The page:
On the Magnet/IV-2

[ 155 ]
That the variation is caused by the inæquality of the
projecting parts of the earth.

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emonstration of this may manifestly be made
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* by means of a terrella in the following way: let there be a round loadstone somewhat imperfect in some part, and impaired by decay (such an one we had with a certain part corroded to resemble the Atlantick or great Ocean): place upon it some fine iron wire of the length of two barleycorns, as in the following figure. A B, a Terrella in certain parts somewhat imperfect and of unæqual virtue on the circumference. The versoria E, F, do not vary, but look directly to the pole A; for they are placed in the middle of the firm and sound part of the terrella and somewhat distant from the imperfect part: that part of the surface which is distinguished by dots and transverse lines is the weaker. The versorium O also does not vary (because it is placed in the middle of the imperfect part), but is directed toward the pole, [ 156 ] just as near the western Azores on the earth. The versoria H and L do vary, for they incline toward the sounder parts very near them. As this is manifest in a terrella whose surface is sensibly rather imperfect, so also is it in others whole and perfect, when often one part of the stone has stronger external parts, which nevertheless do not disclose themselves manifestly to the senses. In such a terrella the demonstration of the variation and the discovery of the stronger parts is on this wise.
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* Let A be the pole, B the place of the variation, C the stronger regions; then the horizontal versorium at B varies from the pole A toward C: so that both the variation is shown and the stronger places of the loadstone recognized. The stronger surface is also found by a fine iron wire of the length of two barleycorns: for since at the pole of the terrella it rears up perpendicularly, but in other places inclines toward the æquator, if in one and the same parallel circle it should be more erect in one place than in another; where the wire is raised more upright, there the part and surface of the terrella is stronger. Also when the iron wire placed over the pole inclines more to one part than to another.
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* [ 157 ] Let the experiment be made by means of a fine iron wire of three digits length placed over the pole A, so that its middle lies over the pole. Then one end is turned away from B toward C, and is not willing to lie quietly toward B; but on a terrella which is perfect[220] all round and even it rests on the pole directed toward any point of the æquator you please. Otherwise, let there be two *
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meridians meeting in the poles A B, let iron wires be reared just at the ends D and C of the equal arcs D A and C A; then the wire at D (the stronger region) will be more raised up than that at C, the weaker. And thus the sounder and stronger part of the loadstone is recognized, which otherwise would not be perceived by the touch. In a terrella which is perfect, and even, and similar in all its parts, there is, at equal distances from the pole, no variation[221]. Variation is shown by means of a terrella, a considerable part of which, forming a surface a little higher than the rest, does, although it be not decayed and broken, allure the versorium from the true * direction (the whole terrella co-operating).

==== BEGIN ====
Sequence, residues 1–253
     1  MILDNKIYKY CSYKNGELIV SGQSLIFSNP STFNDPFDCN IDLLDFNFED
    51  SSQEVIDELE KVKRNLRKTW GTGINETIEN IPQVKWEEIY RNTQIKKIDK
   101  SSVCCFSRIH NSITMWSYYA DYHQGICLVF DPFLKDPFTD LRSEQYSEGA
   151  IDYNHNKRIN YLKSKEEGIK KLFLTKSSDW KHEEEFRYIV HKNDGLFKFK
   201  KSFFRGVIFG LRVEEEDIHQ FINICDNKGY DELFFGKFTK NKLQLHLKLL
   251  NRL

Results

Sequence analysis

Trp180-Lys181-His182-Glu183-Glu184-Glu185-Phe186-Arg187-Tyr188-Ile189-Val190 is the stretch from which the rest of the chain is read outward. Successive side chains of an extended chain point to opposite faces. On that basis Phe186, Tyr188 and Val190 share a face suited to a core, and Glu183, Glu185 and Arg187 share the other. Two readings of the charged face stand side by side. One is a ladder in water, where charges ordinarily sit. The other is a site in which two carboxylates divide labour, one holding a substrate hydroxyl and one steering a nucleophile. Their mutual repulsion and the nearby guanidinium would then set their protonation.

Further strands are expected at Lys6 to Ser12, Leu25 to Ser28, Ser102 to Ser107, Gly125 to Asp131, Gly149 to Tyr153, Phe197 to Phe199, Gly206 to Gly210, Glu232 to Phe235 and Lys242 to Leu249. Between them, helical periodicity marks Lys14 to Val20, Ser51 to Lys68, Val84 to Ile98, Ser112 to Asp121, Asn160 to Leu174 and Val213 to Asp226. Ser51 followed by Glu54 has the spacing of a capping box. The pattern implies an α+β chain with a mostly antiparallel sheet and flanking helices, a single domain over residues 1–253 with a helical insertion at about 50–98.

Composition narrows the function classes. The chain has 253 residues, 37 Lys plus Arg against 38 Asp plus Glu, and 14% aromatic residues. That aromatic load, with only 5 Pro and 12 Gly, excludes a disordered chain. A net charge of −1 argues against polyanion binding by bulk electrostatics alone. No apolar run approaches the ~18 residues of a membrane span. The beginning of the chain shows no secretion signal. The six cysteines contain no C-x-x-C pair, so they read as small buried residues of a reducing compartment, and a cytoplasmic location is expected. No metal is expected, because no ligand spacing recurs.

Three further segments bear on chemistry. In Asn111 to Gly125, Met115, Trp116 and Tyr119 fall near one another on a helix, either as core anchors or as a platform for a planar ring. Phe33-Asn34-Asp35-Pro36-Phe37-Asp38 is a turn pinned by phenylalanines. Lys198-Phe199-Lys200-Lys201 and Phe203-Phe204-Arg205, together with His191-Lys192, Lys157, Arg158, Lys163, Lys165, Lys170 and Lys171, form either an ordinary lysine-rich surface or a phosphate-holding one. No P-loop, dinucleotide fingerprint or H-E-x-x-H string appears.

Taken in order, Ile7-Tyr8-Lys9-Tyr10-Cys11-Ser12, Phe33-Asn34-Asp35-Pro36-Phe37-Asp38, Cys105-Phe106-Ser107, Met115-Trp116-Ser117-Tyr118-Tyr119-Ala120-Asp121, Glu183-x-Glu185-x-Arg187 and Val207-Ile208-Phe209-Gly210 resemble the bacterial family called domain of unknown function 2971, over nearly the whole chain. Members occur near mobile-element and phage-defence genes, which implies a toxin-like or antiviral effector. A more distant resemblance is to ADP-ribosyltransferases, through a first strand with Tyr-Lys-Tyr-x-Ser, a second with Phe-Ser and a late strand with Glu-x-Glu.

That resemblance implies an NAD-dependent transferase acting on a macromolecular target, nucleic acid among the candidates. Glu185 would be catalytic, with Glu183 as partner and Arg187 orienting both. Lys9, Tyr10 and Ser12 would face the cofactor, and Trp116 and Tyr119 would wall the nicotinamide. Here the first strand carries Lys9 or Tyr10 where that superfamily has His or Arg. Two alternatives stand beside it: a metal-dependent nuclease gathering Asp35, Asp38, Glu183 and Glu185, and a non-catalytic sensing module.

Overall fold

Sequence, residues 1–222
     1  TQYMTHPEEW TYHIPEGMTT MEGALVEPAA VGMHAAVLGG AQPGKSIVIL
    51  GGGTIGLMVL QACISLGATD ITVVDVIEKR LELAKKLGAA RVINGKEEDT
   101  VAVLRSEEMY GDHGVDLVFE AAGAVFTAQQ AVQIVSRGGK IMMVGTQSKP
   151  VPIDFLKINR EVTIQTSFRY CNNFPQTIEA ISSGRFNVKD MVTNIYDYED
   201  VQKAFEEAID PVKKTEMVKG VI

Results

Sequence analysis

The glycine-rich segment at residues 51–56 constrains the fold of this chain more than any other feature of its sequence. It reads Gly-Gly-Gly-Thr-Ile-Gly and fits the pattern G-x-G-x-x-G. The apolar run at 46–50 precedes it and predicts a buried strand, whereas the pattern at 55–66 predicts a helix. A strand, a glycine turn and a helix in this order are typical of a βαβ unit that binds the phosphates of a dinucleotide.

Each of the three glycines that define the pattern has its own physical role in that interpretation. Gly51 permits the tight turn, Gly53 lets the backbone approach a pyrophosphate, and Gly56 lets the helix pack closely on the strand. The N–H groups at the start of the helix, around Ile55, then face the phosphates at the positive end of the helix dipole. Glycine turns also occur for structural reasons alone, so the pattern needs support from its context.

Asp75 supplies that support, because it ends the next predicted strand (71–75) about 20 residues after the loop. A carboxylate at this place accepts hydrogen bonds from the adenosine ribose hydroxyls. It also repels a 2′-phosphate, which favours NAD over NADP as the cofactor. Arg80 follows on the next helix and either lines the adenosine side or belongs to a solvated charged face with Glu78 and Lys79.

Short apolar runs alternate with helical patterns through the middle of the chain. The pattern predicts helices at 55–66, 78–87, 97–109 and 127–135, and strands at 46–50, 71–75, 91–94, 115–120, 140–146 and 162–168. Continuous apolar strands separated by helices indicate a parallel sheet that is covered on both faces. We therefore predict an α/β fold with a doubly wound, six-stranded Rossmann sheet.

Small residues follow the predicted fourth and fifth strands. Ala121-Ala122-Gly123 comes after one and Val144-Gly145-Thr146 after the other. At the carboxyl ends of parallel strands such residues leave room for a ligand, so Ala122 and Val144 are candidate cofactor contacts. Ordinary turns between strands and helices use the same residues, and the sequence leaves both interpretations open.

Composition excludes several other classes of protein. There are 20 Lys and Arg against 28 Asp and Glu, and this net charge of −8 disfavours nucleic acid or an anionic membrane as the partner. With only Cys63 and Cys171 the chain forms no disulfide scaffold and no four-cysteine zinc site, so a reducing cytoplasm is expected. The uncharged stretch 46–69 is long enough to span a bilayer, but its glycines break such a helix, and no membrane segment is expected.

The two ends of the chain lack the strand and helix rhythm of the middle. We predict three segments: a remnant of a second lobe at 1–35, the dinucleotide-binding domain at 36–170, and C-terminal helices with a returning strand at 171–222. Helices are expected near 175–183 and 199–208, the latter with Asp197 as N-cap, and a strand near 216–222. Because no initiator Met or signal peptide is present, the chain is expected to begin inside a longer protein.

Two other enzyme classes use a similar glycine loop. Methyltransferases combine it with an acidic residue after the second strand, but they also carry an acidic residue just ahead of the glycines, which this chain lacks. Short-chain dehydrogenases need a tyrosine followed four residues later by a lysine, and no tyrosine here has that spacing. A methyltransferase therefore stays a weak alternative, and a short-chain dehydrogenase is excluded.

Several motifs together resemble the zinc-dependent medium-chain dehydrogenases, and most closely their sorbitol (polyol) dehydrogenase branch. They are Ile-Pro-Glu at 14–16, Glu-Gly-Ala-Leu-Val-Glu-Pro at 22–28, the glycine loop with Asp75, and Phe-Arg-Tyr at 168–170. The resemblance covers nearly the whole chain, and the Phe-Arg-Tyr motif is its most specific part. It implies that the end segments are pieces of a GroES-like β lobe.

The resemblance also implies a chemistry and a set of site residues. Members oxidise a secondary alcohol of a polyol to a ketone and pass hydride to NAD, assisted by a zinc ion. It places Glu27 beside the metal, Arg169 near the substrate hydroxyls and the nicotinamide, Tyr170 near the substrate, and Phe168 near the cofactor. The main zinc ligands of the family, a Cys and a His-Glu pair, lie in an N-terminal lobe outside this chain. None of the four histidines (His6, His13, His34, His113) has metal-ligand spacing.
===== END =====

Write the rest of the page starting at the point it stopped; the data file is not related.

A terrella uneven in surface.
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[ 158 ] It is shown by a small spike placed over a terrella or by a small versorium; for they are turned by the terrella toward the mass that stands out and toward the large eminences. In the same way on the earth the verticity is perturbed by great continents, which are mostly elevated above the depths of the seas and make the versorium deviate sometimes from the right tracks (that is, from the true meridians). On a terrella it is thus demonstrated: the end of the versorium A is not directed straight to the pole P, if there be a large protuberance B on the terrella; so also the cusp C deviates from the pole because of the eminence F. In the middle between the two eminences the versorium G collimates to the true pole because, being at equal distances from the two eminences B and F, it turns aside to neither, but observes the true meridian, especially when the protuberances are of equal vigour. But the versorium N on the other side varies from the pole M toward the eminences H, and is not held back, stopped, or restrained by the small eminence O on the terrella (as it were, some island of land in the ocean). L, however, being unimpeded, is directed to the pole M. The variation is demonstrated in another way on a terrella, just as on the earth. Let A be the pole of the earth, B the equator, C the parallel circle of latitude of 30 degrees, D a great eminence spread out toward the pole, E another eminence spread out from the pole toward the æquator. It is manifest that in the middle of D the versorium F [ 159 ] does not vary; while G is very greatly deflected: but H very little, because it is further removed from D. Similarly also the versorium I placed directly toward E does not deviate from the pole: but L and M turn themselves away from the pole A toward the eminence E.

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The page and line references given in these notes are in all cases first to the Latin edition of 1600, and secondly to the English edition of 1900.

220 ^  Page 157, line 4. Page 157, line 5. perfecto.—Though this word is thus in all editions, it ought to stand perfectâ, as in line 10 below.

221 ^  Page 157, line 11. Page 157, line 13. varietas, for variatio.